Meet Westside Pioneers!
David Faires

What kind of career have you had?
I was an electrician for Berwick, manager and bartender at the Merry-Go-Round and a heavy-equipment operator for a private contractor. I helped build Academy and Powers boulevards and the Colorado Springs airport.

Can you tell us about your marriage?
Thirty-six years to Sharon. We met at the Townhouse Lounge in Manitou when I challenged her to a game of pool. I had heard that there was a lady that was beating all the boys. We ended up tied.

Did you have children?
Dale Allen, my stepson.

Grandchildren?
Michael and Miranda. Dominic, Veronica and Mandy.

Any of your family members still here?
Yes, my sister-in-law.

Can you tell us about your parents/grandparents?
My father, David Wynne Faires, was born in Victor, and my mother, Mayme Jo, was born in Las Animas. They met in Alma, where my father and my mother’s father (James Person) worked as miners. My grandfather, David Mason, was a mining engineer from Wales (he’s in the “Who’s Who from Cripple Creek”). He met and married Ida May in America. When he passed away, Ida May married Thomas J. Faires, who adopted my father. My parents moved to West Yampa Street in 1942 and to North Pine Street in 1948. He was then employed as a draftsman for a lumber company. My grandparents, Thomas J. and Ida May, lived on West Kiowa Street.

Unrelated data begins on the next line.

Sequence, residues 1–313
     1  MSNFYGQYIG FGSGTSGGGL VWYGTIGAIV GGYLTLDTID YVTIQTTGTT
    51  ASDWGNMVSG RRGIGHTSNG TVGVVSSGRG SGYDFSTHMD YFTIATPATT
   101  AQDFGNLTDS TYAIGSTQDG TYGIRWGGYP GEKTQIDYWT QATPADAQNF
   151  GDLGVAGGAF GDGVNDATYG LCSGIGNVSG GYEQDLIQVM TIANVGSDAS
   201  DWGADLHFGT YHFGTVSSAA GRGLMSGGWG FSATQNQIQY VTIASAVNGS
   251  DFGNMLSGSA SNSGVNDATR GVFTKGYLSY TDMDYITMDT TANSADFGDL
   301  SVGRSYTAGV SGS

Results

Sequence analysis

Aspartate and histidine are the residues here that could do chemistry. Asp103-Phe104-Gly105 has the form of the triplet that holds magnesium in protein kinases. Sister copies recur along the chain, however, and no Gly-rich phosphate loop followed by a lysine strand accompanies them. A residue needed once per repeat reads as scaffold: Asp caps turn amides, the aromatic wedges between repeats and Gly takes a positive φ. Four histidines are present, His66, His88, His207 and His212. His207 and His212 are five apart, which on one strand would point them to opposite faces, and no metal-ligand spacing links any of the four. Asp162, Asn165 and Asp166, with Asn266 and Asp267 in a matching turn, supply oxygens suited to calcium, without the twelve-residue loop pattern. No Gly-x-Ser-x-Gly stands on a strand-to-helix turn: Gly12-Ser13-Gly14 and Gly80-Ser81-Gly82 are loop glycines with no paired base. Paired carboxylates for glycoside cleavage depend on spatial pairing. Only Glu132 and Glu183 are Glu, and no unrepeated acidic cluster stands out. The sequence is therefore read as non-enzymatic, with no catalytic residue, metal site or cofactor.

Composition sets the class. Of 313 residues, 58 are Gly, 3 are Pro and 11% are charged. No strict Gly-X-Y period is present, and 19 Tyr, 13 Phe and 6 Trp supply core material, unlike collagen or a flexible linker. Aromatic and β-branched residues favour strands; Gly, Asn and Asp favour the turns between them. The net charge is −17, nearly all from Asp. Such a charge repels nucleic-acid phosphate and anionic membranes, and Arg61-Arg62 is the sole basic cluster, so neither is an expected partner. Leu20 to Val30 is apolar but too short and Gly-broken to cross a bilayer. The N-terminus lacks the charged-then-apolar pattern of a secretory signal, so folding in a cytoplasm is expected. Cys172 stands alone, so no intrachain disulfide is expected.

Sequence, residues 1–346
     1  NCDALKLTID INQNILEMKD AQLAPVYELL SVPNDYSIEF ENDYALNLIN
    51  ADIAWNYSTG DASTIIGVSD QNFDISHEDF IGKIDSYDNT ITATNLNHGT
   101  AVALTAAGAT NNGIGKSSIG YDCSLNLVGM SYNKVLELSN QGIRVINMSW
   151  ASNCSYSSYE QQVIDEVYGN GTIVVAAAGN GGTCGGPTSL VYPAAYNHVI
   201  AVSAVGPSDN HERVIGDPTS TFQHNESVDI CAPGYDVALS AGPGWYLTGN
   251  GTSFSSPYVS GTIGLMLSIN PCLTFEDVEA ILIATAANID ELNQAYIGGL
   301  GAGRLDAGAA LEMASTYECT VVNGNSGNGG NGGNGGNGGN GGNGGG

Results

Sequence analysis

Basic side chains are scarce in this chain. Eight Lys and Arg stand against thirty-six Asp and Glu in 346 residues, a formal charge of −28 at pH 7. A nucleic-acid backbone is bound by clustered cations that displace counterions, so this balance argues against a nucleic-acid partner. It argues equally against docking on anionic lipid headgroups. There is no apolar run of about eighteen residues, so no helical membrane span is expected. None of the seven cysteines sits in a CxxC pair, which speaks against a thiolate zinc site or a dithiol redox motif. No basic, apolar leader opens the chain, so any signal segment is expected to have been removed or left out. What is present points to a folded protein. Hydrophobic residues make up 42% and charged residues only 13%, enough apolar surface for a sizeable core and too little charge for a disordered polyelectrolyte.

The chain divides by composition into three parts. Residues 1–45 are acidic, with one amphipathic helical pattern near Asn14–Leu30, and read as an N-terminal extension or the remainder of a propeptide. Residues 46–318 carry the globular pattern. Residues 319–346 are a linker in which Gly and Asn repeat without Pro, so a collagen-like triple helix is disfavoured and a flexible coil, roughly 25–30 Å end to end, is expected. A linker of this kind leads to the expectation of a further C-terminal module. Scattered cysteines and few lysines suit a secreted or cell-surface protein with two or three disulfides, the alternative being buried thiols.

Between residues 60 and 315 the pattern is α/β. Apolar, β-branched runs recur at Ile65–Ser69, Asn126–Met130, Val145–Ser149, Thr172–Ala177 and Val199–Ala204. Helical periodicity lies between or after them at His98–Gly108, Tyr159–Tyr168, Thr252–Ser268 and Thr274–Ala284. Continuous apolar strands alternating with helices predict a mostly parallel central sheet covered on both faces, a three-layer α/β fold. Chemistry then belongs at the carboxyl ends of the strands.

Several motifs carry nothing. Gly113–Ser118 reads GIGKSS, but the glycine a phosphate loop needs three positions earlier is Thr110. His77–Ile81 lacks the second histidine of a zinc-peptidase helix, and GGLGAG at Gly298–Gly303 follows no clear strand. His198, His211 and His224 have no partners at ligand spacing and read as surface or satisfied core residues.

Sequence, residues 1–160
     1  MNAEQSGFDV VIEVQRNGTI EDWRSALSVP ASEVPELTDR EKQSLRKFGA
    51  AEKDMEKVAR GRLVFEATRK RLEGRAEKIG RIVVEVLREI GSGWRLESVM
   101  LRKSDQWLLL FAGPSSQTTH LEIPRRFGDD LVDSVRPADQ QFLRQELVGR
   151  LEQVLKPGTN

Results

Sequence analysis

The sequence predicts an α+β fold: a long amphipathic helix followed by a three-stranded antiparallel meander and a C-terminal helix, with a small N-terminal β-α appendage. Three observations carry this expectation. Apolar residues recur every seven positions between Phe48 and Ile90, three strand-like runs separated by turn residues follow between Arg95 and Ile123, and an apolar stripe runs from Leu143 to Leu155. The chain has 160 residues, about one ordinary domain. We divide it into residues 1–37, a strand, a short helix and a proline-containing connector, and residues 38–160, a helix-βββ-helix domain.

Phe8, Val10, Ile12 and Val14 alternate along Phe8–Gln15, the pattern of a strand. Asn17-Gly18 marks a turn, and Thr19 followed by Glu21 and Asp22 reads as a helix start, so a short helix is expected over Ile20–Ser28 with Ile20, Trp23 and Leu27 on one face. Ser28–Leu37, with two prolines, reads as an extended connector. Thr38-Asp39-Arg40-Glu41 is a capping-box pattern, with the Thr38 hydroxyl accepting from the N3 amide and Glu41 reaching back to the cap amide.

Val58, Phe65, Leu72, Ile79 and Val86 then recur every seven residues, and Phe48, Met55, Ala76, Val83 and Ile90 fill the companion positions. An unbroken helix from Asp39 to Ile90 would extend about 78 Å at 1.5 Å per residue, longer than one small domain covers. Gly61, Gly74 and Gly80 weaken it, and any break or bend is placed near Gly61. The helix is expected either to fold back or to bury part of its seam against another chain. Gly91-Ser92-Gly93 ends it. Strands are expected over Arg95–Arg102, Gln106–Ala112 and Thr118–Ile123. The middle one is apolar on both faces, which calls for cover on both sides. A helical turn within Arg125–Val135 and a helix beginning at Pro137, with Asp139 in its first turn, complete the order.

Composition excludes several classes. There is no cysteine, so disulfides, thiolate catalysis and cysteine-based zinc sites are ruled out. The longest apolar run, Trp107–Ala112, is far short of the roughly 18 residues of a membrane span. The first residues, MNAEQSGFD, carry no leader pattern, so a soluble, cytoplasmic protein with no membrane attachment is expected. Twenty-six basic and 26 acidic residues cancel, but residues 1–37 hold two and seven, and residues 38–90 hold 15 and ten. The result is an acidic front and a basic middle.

What are your best memories of growing up on the Westside?
Bristol School, my bicycle paper route, my mom in the yard looking for a four-leaf clover and finding one once in awhile.

What are your hobbies?
I'm an avid bowler and hunter and a member of the Rocky Mountain Elk Foundation.

A photo from a few years ago of David Faires and his wife Sharon. Now married 36 years, they met in a pool game.
Courtesy of David Faires What is gone from the Westside now that you wish had stayed?
Old Bristol and the neighborhood groceries (Kinnaman’s at Bijou and Chestnut streets).

What has stayed that wish had gone?
Two-way narrow streets that should be one-way – the north-south streets (21st, 22nd, 23rd and 24th) and the east-west streets between (but not including) Pikes Peak and Uintah.

How about the way things have changed? Progress is progress. We’ve lost the small-community stuff to corporate.

Overall, is the Westside better or worse than when you were a kid here?
I’d say good, considering the rest of the country.

“Meet a Westside Pioneer” interviews people who were born, raised and still live on the Colorado Springs Westside. If you meet that criteria (or know someone who does), please give us a call at 471-6776.